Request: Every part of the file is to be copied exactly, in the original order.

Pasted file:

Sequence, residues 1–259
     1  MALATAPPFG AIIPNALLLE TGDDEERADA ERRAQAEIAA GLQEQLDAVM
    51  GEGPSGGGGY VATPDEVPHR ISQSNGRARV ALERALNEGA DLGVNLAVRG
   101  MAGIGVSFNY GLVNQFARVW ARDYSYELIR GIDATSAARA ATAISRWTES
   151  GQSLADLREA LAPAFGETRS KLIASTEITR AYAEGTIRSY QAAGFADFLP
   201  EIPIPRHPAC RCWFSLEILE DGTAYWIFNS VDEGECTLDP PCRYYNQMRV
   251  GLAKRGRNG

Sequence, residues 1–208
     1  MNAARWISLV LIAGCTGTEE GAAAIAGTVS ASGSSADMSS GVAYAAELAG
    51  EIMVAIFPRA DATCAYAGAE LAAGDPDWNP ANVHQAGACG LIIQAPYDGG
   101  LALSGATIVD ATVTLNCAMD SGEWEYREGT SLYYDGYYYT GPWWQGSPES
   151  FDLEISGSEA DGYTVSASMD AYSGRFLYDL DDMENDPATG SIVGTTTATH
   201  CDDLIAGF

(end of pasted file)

Sequence, residues 1–259
     1  MALATAPPFG AIIPNALLLE TGDDEERADA ERRAQAEIAA GLQEQLDAVM
    51  GEGPSGGGGY VATPDEVPHR ISQSNGRARV ALERALNEGA DLGVNLAVRG
   101  MAGIGVSFNY GLVNQFARVW ARDYSYELIR GIDATSAARA ATAISRWTES
   151  GQSLADLREA LAPAFGETRS KLIASTEITR AYAEGTIRSY QAAGFADFLP
   201  EIPIPRHPAC RCWFSLEILE DGTAYWIFNS VDEGECTLDP PCRYYNQMRV
   251  GLAKRGRNG

Sequence, residues 1–208
     1  MNAARWISLV LIAGCTGTEE GAAAIAGTVS ASGSSADMSS GVAYAAELAG
    51  EIMVAIFPRA DATCAYAGAE LAAGDPDWNP ANVHQAGACG LIIQAPYDGG
   101  LALSGATIVD ATVTLNCAMD SGEWEYREGT SLYYDGYYYT GPWWQGSPES
   151  FDLEISGSEA DGYTVSASMD AYSGRFLYDL DDMENDPATG SIVGTTTATH
   201  CDDLIAGF